Jedfire Burns is the unwilling heir to a fortune in the cowbell industry. He inherited the company, the main employer of his hometown of Cowbell Creek, shortly after his 19th birthday when his parents died in a crash. Jedfire likes the cowbell factory, but he doesn’t want to manage it. Instead, he wanders the globe looking for the next party to crash and next hook-up to have, living a jet-set life somewhat fueled by an ATM glitch. While escaping the latest debacle—getting married while drunk in Vegas…uh, again—Jedfire heads to the Elysian spa in Florida, a clothing-optional gay men’s retreat.
Conrad is a young man who’s had some of the worst news possible: his medical diagnosis is rare and terminal with only a one-year expected survival. He and his father own a surfboard company, and they’ve scrimped and saved to send Conrad on a 6-month bargain world tour so he can see all the places he dreamed of as a young kid. Conrad’s capping his trip with a free, all-inclusive stay at Elysian, a prize from radio contest, where he meets the irreverent and irrepressible Jedfire.
These two are as ill-matched on paper as two men could be, but they somehow hit it off. Lots of intelligent flirting doesn’t give way to immediate anonymous sexytimes—contrary to Jedfire’s usual. That means something, at least to Jed. Of course, a wrinkle appears when Jed’s grandparents arrive, his surgically-enhanced grandma having some top-less pool time with all the hunky naked gay men. When the grandparents start inquiring about Jedfire’s newest “spouse,” Conrad jumps in to pretend he’s the doting hubby. Because, why not? He likes Jedfire and he doesn’t want him to feel bad about the seemingly aimless pattern of his life. Conrad has first-hand evidence that Jedfire turns over money quickly to help LGBT shelters and other charities.
And, Conrad expects he doesn’t have long to live, so why not enjoy his days with a beautiful sexy man who wants to spoil him and make him feel special? Of course, his conscience is creeping in, and he decides to tell Jedfire all he’s feeling, as well as his medical issues. Which leads to a whole lot of other issues. Still, where life has handed Jedfire lemons, he’s made bucketfuls of lemon champagne.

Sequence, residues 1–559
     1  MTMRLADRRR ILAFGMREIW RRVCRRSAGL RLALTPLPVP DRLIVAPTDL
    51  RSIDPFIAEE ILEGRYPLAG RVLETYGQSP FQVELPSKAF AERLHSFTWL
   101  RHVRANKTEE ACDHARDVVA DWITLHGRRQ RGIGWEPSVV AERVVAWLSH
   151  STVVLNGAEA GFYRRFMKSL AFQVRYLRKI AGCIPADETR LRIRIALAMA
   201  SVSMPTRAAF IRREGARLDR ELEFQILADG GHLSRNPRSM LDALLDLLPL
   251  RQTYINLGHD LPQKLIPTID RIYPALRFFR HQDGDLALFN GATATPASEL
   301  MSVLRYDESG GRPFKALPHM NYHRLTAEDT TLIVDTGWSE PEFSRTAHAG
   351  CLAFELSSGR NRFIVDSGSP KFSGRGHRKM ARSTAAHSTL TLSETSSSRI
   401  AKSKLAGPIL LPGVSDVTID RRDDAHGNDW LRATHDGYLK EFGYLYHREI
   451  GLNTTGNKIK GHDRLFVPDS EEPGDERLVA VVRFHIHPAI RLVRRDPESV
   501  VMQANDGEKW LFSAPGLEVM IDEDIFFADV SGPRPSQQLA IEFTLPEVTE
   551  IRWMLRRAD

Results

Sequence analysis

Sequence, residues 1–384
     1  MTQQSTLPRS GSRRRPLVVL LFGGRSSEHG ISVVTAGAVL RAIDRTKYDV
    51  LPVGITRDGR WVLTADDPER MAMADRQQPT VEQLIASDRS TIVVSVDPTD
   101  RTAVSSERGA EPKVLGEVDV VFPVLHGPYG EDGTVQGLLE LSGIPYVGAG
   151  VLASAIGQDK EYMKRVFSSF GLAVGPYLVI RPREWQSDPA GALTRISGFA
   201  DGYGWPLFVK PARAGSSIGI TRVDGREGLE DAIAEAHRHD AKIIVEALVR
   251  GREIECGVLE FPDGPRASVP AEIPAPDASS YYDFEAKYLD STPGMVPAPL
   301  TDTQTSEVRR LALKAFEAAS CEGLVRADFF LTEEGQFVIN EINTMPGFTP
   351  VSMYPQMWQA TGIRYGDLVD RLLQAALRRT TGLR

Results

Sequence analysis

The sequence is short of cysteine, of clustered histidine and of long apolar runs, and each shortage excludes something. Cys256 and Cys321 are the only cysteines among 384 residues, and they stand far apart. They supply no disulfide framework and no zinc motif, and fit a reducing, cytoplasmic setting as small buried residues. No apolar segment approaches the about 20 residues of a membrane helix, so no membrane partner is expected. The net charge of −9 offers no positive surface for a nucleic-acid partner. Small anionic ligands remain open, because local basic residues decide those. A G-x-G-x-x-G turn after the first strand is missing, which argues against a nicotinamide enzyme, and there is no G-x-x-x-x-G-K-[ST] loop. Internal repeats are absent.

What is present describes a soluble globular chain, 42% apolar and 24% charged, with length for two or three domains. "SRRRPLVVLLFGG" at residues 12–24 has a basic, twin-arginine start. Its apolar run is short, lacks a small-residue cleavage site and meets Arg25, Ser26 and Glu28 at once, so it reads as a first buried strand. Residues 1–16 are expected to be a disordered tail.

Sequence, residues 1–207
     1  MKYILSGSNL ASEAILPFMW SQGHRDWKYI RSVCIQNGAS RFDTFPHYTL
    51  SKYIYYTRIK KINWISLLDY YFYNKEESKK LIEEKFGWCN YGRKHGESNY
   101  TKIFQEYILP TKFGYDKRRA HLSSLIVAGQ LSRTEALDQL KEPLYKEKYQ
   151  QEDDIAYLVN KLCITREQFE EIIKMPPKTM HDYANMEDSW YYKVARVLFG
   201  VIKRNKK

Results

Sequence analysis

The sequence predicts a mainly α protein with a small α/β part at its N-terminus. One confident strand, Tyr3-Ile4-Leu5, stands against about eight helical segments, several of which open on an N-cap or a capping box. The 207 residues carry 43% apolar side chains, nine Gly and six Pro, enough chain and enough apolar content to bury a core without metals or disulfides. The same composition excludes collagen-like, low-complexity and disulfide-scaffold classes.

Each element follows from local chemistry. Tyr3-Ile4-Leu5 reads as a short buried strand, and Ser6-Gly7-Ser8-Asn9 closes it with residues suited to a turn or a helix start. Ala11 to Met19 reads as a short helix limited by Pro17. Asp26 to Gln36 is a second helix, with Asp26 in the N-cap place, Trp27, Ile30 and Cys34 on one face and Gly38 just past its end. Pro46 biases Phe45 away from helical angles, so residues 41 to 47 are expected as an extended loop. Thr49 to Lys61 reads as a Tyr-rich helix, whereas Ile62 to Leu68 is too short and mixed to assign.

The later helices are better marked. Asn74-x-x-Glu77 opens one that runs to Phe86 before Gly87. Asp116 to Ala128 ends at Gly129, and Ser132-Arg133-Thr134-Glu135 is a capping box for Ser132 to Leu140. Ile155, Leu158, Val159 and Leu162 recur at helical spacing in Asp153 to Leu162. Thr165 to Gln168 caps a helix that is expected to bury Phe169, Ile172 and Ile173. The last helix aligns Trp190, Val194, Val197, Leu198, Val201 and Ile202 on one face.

This is an insta-love, fake spouse romance with low angst and lots of silly shenanigans. Jedfire is the epitome of a disaffected wealthy boy, but with the redeeming qualities of humility and altruism. When he learns of Conrad’s illness, he pulls our every stop, knowing that a rare disease requires incredible resources. Being the subject of Jedfire’s intense focus helps Conrad in unexpected ways, but, most importantly, Conrad’s prognosis is much improved. A happy ending develops, though there are some bits that didn’t necessarily add up, for me.
I liked Conrad a lot, and admired his stalwart sprit and commitment to his father. Jedfire was a decent character, yet his outlandish activity was so out of the realm of reality, I had a hard time connecting, unfortunately. It seemed like he was the kind of guy who faces zero consequences, no matter how much law breaking and poor decision making he does, and I found this harder to set aside, even if it comes from a place of grief. It was especially hard because these choices were made with his full knowledge, and he understood his selfishness would cause problems for others. Other readers might find him just as zany and good-hearted as I believe he’s intended to be, but I struggled to like him.